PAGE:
I have visited Vancouver’s Jewish Community Centre countless times over the last few years, reading poetry in their art gallery at various events. It’s always a special time for me, being hosted in a space that brings together a faith group that is different from my own. At a recent poetry reading, I stumbled upon an Israeli folk dancing class and it totally moved me. The music was beautiful and so were the movements. I was pinned to my place, remembering my friend’s bat mitzvah from years ago, and considering new ideas that came to me in that spot.
I wrote about the experience and my musings in my monthly column for Peace Arch News. As a writer, it’s my job to show my readers a different perspective. And because I am trying to build bridges by doing such, I like to show how we can transcend our own experiences and meet others’ in theirs. Music is an easy bridge. It exists in every culture. It creates our memories and most of us even have a soundtrack that accompanies the different eras of our lives.
Shortly after this piece was published, my editor emailed me and said a woman named Nona Malki asked to be in touch with me. I emailed her back and it turns out she is the President of the Vancouver Israeli Dance Society. She was gracious and so appreciative of me sharing my experience that she even offered me complimentary dance lessons! I love how writing always reaches the intended audience whether we purposely arrange for that to happen or not. There’s definitely something magical about music and words; both can be used to bring people together.
You can read my full piece in Peace Arch News – I’d love to know if you have had an experience where music has crossed over from another culture into your life.
This past August, a group of white nationalists and Nazis took to the streets of Charlottesville, Virginia to spew their messages of hate. Yelling “Jews will not replace us!” and other profanities, they came forward with torches, swastikas…everything but the hoods their predecessors wore. The Charlottesville rally also drew Canadians down south to participate in this horrific weekend.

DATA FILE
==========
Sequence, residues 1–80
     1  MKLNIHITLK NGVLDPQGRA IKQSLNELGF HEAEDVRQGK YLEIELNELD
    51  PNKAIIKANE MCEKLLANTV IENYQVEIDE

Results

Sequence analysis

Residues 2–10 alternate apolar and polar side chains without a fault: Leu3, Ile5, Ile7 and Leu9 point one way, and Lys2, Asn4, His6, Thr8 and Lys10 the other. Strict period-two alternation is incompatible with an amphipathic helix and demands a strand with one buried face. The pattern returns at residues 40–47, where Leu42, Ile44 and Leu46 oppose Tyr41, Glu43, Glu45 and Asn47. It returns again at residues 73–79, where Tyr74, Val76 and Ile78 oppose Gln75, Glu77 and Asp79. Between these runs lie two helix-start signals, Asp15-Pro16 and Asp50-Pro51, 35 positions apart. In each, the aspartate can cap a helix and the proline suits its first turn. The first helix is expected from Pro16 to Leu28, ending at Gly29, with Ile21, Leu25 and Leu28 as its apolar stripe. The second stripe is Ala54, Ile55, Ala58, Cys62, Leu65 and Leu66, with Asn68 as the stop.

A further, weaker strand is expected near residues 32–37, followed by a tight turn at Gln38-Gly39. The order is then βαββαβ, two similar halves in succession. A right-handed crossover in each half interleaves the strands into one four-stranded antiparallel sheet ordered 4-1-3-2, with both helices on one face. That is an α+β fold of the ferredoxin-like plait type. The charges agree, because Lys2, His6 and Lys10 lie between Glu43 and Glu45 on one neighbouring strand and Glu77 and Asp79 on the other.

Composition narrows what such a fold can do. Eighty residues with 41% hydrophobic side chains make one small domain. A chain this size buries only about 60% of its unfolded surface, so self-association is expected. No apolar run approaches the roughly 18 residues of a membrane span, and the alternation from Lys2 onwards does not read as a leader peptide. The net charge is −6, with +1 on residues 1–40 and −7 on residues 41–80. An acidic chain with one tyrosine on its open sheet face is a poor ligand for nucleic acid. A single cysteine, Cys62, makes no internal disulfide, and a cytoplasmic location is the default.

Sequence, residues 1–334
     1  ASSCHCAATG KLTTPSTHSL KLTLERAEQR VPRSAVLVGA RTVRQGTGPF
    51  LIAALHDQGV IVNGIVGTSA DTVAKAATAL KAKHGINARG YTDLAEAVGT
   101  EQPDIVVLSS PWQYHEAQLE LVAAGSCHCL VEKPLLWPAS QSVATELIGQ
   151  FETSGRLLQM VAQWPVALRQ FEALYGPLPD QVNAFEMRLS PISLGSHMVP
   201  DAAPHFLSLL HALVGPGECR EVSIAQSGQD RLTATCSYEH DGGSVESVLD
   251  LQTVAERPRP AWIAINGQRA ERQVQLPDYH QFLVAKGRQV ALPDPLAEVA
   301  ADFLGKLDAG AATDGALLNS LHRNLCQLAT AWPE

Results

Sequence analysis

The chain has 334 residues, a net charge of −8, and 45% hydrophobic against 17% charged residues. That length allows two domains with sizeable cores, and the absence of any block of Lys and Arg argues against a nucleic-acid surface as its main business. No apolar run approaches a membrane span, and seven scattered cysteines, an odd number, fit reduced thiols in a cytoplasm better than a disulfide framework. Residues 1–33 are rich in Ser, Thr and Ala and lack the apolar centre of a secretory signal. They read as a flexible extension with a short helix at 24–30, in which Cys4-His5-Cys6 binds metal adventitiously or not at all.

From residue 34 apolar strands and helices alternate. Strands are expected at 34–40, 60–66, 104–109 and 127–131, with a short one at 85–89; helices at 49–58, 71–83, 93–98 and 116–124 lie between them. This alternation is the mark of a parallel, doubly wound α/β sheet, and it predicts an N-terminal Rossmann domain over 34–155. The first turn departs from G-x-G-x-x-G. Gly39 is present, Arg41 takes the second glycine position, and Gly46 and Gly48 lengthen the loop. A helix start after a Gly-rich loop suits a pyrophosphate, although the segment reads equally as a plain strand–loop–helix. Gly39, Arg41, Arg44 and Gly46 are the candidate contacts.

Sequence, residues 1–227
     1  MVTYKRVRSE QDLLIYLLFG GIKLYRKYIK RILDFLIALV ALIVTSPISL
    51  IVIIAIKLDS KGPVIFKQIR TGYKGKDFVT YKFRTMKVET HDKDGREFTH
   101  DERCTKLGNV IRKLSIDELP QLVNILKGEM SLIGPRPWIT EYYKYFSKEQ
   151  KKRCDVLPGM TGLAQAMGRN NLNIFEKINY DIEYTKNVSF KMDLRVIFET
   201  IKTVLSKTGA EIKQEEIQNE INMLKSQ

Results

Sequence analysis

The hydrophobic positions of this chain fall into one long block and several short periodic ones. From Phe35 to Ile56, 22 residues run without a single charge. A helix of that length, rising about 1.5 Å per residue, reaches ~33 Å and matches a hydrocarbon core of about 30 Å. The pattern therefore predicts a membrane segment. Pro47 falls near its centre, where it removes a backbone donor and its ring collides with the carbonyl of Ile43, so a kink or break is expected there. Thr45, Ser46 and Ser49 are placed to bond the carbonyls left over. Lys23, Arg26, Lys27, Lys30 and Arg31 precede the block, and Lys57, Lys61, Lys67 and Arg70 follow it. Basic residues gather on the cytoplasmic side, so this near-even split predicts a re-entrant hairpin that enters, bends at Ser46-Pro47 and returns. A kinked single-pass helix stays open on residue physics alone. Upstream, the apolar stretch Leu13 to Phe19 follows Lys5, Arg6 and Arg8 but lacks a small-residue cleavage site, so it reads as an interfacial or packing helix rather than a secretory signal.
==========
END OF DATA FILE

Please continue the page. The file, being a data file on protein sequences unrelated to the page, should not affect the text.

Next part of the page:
It’s a scary time in the United States right now and all eyes are on them: a president who doesn’t hide his bigotry, a lack of gun laws to keep its citizens safe, police brutality, a complete disregard for black lives and disdain for brown-skinned people.
As a columnist, it’s important that I know what is happening in the world and then share my Canadian perspective with my readers. I look at what is happening in the United States and I ask myself and my readers, “What does this mean for us in Canada? How does this relate to Canadian society? What can we learn from this situation? What must we be aware of in our own backyard?”
Peace Arch News readers are a mixed group of people and I love that. There are those whose families have been in Canada for generations and who, rightly, feel they belong here. And there are those who are brand new or first generation Canadians and also, rightly, feel they belong here. I love writing to this mixed community; my goal is to build a bridge between groups who feel different from each other and show them that, where it matters, we really are more similar than not.
Talking about race relations and nationalism can sometimes be nerve-wracking. There is the risk of offending people and making people angry. But there is also the hope of showing people a new way of looking at things and that’s what keeps me speaking up.
In my response to the Charlottesville rally, I tried to lay it all on the line clearly. We have a problem with prejudice in our own backyard.